The liver glucose metabolism, supplying sufficient energy for glucose-dependent tissues, is important in suckling or weaned animals, although there are few studies with piglet model. To better understand the development of glucose metabolism in the piglets during suckling period and early weaning period, we determined the hepatic glycogen content, and investigated the relative protein expression of key enzymes of glucogenesis (GNG) and mRNA levels of some glucose metabolism-related genes. During suckling period, the protein level of G6Pase in the liver of suckling piglets progressively declined with day of age compared with that of newborn piglets (at 1 day of age), whereas the PEPCK level stabilized until day 21 of age, indicating that hepatic GNG capacity gradually weakened in suckling piglets. The synthesis of hepatic glycogen, which was consistent with the fluctuation of glycolytic key genes PFKL and PKLR that gradually decreased after birth and was more or less steady during latter suckling period, although both the mRNA levels of GCK and key glucose transporter GLUT2 presented uptrend in suckling piglets. However, early weaning significantly suppressed the hepatic GNG in the weaned piglets, especially at d 3-5 of weaning period, then gradually recovered at d 7 of weaning period. Meanwhile, PFKL, PKLR and GLUT2 showed the similar trend during weaning period. On the contrast, the hepatic glycogen reached the maximum value when the G6Pase and PEPCK protein expression were at the lowest level, although the GCK level maintained increasing through 7 days of weaning period. Altogether, our study provides evidence that hepatic GNG and glycolysis in newborn piglets were more active than other days during suckling period, and early weaning could significantly suppressed glucose metabolism in liver, but this inhibition would progressively recover at day 7 after weaning.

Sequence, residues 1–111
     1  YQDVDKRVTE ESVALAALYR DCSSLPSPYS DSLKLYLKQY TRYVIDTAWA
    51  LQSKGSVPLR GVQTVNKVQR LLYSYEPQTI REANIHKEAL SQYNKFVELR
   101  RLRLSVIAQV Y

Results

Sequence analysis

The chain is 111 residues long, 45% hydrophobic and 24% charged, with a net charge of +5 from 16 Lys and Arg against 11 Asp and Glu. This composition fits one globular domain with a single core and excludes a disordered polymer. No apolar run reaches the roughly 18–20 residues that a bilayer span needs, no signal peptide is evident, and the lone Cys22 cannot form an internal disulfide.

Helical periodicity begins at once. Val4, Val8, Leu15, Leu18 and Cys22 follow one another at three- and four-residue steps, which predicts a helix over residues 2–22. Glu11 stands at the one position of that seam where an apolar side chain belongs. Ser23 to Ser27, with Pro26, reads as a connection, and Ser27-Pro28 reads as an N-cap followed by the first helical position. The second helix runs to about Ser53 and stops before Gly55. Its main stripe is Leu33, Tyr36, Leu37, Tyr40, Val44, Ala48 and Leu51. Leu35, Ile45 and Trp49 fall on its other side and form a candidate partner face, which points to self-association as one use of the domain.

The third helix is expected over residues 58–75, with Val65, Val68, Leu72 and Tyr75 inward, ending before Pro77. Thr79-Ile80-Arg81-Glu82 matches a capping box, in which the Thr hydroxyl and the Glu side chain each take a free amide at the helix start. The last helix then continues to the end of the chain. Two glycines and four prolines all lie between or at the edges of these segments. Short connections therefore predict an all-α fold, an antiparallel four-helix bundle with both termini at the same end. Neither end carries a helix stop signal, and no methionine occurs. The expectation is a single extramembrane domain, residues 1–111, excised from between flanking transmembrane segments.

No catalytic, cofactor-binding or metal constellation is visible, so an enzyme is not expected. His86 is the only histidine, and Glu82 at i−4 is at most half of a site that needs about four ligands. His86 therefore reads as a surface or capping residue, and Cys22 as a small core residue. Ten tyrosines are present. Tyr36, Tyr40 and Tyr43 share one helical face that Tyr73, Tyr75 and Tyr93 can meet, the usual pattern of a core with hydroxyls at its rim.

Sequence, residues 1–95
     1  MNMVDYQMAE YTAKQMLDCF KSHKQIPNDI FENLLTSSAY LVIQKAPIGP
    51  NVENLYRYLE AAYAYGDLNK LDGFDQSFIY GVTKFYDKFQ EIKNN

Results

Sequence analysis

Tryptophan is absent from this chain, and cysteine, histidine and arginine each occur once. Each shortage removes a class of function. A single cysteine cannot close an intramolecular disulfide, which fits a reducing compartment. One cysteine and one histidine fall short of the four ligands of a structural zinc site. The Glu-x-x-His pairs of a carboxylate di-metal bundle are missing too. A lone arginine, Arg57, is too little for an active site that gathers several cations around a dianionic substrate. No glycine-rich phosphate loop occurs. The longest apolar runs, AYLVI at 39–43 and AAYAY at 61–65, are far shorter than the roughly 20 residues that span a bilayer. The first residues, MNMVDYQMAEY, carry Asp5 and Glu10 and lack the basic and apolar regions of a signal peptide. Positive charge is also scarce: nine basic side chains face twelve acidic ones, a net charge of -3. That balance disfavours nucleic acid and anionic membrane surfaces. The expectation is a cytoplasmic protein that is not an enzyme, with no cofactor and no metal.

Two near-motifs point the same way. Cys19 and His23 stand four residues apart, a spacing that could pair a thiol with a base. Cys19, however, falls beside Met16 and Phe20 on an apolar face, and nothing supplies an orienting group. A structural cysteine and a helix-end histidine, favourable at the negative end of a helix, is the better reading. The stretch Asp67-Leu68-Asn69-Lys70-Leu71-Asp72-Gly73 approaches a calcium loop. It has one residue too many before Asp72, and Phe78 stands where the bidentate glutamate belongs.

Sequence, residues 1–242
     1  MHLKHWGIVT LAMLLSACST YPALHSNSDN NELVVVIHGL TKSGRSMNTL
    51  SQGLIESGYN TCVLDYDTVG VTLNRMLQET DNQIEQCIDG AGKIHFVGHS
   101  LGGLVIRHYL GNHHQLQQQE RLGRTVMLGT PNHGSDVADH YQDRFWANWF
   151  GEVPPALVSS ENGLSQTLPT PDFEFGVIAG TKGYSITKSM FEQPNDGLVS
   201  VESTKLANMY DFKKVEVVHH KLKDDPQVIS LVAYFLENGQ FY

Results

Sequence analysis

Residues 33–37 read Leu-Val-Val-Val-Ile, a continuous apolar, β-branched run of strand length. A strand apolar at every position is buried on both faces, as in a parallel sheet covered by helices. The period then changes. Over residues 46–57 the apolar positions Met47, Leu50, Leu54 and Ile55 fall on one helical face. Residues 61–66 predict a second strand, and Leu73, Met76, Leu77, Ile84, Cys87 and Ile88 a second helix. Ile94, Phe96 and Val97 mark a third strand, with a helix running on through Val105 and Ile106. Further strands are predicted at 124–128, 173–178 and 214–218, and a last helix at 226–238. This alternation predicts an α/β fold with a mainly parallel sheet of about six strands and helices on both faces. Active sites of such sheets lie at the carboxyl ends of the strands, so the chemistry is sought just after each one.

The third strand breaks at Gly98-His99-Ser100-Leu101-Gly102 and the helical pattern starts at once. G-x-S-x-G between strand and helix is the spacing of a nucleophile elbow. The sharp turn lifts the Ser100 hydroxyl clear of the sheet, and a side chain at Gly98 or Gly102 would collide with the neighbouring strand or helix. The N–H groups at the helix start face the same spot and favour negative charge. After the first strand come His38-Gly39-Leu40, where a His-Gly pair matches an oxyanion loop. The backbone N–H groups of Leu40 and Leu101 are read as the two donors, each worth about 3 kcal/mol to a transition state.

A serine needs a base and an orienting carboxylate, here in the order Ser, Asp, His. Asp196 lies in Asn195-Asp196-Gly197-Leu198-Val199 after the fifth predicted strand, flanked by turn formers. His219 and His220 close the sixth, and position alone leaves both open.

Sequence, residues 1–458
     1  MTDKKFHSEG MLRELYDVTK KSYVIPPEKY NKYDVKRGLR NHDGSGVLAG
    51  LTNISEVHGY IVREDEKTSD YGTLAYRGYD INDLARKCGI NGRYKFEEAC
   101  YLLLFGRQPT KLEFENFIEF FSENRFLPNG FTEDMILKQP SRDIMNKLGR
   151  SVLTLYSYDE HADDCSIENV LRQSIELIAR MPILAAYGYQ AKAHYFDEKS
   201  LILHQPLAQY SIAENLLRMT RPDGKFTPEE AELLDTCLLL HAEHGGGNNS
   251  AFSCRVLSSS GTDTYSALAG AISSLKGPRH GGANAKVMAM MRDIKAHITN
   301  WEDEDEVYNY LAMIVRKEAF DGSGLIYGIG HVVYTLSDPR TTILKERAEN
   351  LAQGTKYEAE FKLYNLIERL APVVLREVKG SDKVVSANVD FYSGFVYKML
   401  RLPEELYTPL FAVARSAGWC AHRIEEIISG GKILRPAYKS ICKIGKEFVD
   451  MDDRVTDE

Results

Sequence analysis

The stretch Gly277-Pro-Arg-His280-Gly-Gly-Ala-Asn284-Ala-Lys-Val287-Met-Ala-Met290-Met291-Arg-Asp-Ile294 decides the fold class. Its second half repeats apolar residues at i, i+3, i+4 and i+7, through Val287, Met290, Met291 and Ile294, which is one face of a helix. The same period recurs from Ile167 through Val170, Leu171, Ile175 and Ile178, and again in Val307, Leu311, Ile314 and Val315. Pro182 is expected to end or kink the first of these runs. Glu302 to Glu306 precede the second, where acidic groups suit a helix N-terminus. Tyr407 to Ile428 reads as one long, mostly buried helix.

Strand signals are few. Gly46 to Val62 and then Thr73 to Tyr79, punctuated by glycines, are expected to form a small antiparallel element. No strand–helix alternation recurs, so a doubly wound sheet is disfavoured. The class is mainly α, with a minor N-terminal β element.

... longitudinal vertical planes that are tangent to the side extremities of the vehicle. (4) Guard rear surface... or after January 26, 1998. Each trailer and semitrailer with a gross vehicle weight rating of 4,536... rear impact guard that meets the requirements of Federal Motor Vehicle Safety Standard No. 223 (49...